Slowly that stifling heat caused by too many bodies in too small a space began to creep into the helicarrier's mess. The usual murmurs and sighs that inevitably intruded in the face of such discomfort never dared surface. Every member of SHIELD present stood at attention. Even Stark stood still and silent out of respect for the man whose personnel photo was displayed on the only lit screen in the room. At his side the small, deceptively fragile-looking Potts held his and chewed her lip with damp eyes. Dr. Banner and Captain Rogers were to his right with Romanov between them. Thor stood at the far edge of their group with his eyes blank but rapt on the image of Coulson. Barton stood beside Fury near the center of the room.
Every member of The Avengers team showed varying degrees of weariness, but only Thor looked guilty. Their Asgardian probably blamed himself felt for his brother killing Coulson. Under different circumstances, Fury might have done the same, but as things stood: Loki was the son of a bitch who stabbed a man in the back, and Thor was the god who offered to let Coulson's family have his own life to satisfy their vengeance. It was hard to hold anything against a man like that.
Fury listened to the chaplain’s droning speech about life and death and tired not to tune him out, but an imagined phantom of Coulson was standing in the empty space to his right cracking those straight-faced jokes of his. It was playing hell on Fury's composure.
"Think we'll get steak? After a speech like this, we should get steak, Boss." Coulson said that to him during the helicarrier’s christening when some bureaucrat spent an hour via video feed mulling about duty and sacrifice to people who lived it.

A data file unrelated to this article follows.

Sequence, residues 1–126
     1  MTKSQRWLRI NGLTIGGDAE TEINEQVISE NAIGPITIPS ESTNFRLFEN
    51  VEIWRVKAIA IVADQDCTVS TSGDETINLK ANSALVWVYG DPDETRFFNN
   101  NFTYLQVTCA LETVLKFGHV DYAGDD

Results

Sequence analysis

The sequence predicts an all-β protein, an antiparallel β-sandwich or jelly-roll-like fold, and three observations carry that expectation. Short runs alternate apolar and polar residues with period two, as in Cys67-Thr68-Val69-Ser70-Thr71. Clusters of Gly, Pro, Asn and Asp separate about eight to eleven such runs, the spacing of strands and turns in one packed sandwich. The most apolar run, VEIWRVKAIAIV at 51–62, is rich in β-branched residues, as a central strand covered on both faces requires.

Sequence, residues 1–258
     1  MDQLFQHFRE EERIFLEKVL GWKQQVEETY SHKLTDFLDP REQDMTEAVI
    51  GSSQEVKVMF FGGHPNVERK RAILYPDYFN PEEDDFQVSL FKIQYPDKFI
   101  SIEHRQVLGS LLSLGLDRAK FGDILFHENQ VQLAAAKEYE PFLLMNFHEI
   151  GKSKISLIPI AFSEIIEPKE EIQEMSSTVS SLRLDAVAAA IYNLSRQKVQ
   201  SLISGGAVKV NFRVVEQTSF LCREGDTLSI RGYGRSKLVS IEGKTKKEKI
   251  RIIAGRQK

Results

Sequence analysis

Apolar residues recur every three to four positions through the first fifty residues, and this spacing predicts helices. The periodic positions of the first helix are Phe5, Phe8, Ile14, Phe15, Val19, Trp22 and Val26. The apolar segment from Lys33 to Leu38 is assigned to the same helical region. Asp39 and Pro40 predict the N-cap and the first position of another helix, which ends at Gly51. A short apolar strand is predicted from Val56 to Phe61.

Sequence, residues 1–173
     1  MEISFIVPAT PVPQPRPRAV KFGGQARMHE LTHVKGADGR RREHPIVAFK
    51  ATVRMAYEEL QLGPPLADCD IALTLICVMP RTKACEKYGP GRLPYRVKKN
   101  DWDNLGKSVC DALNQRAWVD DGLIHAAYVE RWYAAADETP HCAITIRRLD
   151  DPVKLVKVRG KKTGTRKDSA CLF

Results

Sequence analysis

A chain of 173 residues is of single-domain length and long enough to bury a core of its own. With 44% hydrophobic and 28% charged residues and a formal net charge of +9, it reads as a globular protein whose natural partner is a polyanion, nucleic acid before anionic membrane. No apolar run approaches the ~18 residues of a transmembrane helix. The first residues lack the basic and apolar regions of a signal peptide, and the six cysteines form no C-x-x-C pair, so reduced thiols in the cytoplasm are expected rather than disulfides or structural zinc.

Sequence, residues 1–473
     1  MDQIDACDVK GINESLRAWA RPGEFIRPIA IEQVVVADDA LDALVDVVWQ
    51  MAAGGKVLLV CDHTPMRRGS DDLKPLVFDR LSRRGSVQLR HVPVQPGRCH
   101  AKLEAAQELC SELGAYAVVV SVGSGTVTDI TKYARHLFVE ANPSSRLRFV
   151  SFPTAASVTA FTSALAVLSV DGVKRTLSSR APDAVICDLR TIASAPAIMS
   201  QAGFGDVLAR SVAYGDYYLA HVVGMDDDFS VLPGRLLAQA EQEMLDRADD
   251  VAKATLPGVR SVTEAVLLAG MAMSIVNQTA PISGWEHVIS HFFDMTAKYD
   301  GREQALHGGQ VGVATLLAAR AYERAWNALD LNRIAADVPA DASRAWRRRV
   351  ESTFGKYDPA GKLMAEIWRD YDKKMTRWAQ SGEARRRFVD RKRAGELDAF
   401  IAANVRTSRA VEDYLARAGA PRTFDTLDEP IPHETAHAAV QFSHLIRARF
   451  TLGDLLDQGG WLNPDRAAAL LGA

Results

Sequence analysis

"...a man whose loyalty was only out matched by his bravery. His..."
"Ten bucks says he ends with "God Bless America?'" Coulson offered as they walked into the Marine Corps's Firefall facility on a security inspection only to be greeted by the Secretary with a speech in hand.
"No bet," Fury muttered as the room applauded politely when the chaplain finished. The Director took the floor as the young chaplain stepped aside, and he felt every spine get a fraction straighter, every jaw tighten.
" 'Number Four: What do you hope to achieve in your time here?' We all answered that question on the psych-eval before we even knew what SHIELD was. Our answers were scrutinized by shrinks, therapists, and doctors with degrees in tearing apart the human mind. While we answered those questions our body language, pulse, and blink-rate was recorded for further study."
"After weeks even months of review - if you were deemed fit - they told you what you were really signing up for. They told you what you'd really be up against and tried to convey what it would cost. Then you had to answer those questions again. The wording was different, but it was all the same big question: can you do this job the right way when we need you to do it?" Fury took a breath. He didn't mean to sound so angry, to all but shout at the only service most of these people would have to lay this man to rest, but he still couldn't completely divorce himself from the vicious force of his grief. "Questionnaires can't tell us that, but they can help us find those most likely to get the job done."